From Vermont to California and Oregon to Florida, the Federal Trade Commission (FTC) has wasted no time enforcing its beefed up Business Opportunity (“Biz-Op”) Rule. Last month, it filed its first six cases across the country (three are the author’s) to enforce the rule, which took effect last March. Some of the companies had been operating for years without a peep from the FTC, even though they’re charged with violating not only the Biz-Op Rule but also the FTC’s basic statute against “unfair and deceptive” practices.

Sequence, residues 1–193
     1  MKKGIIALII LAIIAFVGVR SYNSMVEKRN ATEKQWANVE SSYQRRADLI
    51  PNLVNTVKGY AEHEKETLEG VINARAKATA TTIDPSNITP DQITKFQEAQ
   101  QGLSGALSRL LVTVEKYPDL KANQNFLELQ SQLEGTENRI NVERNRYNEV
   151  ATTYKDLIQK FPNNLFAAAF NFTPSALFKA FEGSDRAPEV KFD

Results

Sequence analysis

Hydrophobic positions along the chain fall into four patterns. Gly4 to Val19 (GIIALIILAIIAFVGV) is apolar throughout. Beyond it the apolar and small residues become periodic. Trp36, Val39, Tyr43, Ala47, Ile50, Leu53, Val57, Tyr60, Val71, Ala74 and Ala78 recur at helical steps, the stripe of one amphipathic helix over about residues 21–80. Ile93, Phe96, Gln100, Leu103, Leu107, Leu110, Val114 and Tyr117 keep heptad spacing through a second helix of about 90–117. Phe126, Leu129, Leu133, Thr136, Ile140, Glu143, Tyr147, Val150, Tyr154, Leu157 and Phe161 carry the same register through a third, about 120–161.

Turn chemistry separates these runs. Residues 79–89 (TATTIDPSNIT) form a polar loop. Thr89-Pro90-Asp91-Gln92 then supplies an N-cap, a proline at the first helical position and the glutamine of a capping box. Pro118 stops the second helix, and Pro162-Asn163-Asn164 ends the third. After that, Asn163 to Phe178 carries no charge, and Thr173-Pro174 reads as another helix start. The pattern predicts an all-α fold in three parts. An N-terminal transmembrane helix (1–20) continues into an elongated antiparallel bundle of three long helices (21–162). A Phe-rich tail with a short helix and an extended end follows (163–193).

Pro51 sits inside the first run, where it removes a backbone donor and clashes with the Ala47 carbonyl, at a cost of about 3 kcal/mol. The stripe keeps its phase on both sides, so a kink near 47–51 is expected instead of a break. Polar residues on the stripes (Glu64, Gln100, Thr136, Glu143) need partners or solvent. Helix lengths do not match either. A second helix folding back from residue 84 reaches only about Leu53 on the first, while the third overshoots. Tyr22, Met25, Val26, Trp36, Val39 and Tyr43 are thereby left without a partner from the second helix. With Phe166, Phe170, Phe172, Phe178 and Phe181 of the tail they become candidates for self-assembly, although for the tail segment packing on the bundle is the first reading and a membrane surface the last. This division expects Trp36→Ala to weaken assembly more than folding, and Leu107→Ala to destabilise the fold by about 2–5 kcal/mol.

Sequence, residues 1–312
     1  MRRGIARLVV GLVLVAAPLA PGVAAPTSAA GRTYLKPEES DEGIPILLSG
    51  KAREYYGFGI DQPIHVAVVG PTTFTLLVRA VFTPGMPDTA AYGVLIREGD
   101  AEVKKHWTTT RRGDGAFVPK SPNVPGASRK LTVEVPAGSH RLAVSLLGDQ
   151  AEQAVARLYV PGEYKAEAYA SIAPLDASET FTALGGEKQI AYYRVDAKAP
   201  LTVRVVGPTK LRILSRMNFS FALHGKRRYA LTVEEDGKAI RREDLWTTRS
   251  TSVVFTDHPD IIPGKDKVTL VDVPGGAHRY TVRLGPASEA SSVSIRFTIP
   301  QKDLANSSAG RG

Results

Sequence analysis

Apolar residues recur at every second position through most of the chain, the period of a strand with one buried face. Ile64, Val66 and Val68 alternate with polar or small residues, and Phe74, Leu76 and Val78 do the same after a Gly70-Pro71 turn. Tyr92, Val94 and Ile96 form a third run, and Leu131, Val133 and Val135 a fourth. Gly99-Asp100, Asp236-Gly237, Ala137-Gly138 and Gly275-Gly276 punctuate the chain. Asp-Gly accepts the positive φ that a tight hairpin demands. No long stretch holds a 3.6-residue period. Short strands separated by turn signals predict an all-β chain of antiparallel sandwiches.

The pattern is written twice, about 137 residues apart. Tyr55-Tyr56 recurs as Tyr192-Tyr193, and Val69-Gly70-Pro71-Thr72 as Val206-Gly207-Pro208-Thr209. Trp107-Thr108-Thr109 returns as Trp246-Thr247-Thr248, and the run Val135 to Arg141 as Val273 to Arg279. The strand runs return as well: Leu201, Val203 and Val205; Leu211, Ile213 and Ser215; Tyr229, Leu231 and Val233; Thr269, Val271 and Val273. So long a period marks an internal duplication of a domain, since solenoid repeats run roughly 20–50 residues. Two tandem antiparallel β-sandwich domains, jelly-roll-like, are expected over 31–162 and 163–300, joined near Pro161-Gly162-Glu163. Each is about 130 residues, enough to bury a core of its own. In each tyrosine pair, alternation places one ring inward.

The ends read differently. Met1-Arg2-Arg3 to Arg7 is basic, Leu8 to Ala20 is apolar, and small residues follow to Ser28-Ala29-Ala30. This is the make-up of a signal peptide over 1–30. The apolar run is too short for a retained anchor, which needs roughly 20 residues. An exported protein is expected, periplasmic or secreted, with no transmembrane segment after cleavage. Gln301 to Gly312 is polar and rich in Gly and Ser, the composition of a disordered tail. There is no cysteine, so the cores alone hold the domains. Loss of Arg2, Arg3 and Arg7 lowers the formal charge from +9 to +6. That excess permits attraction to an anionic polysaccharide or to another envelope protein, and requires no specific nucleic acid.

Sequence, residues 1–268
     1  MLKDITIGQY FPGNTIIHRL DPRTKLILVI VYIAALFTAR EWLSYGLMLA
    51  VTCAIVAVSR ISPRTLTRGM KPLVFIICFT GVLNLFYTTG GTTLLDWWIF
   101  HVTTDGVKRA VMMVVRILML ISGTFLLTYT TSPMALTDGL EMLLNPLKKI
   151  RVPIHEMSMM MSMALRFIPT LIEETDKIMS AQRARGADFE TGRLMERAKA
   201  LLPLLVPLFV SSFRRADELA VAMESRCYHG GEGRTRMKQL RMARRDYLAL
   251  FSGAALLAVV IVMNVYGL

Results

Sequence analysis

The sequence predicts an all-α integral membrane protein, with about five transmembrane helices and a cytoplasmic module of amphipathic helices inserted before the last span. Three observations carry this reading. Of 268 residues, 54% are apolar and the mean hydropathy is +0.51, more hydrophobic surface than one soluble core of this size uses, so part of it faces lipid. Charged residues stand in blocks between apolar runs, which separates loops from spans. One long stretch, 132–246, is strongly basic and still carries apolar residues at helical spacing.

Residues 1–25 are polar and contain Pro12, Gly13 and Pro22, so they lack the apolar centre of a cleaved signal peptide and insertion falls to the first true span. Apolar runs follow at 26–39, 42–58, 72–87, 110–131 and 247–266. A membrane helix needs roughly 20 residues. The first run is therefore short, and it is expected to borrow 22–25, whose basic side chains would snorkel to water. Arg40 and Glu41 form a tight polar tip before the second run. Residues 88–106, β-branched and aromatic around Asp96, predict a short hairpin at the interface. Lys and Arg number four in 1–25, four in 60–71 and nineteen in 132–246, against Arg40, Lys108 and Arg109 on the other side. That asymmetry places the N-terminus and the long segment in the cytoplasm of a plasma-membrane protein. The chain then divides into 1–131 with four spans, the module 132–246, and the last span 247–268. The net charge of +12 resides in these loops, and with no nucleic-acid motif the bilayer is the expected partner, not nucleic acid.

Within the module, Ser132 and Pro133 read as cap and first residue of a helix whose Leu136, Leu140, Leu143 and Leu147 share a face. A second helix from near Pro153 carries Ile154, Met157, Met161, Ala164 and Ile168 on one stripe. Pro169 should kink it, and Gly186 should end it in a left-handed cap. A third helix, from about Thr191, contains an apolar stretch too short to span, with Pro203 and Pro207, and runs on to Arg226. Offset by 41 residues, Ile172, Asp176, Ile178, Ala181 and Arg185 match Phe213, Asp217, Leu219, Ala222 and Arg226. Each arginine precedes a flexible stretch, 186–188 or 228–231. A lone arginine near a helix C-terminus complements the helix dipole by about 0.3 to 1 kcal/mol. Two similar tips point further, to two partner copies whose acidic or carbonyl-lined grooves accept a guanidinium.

Once confined to the realm of vending machine businesses and the like, and limited to biz-ops costing $500 or more, the Rule now covers “work-at-home” offers carrying no purchase minimum. It requires detailed written disclosure, in a prescribed form, of several items of information, including the basis of earnings claims – the sine qua non of biz-op offers. The seller must disclose, at least seven days prior to sale: a) who it is; b) whether it’s making an earnings claim; c) whether it, its affiliates, or key personnel have been involved in any legal actions; d) whether it has a cancellation or refund policy; and e) a list of purchasers within the past three years. If the seller makes earnings claims, has been sued, or has a cancellation/refund policy, it must provide supplementary information substantiating the claims, identifying the suits, and stating the key cancellation/refund terms. The disclosure document must be provided even if the seller is not making earnings claims.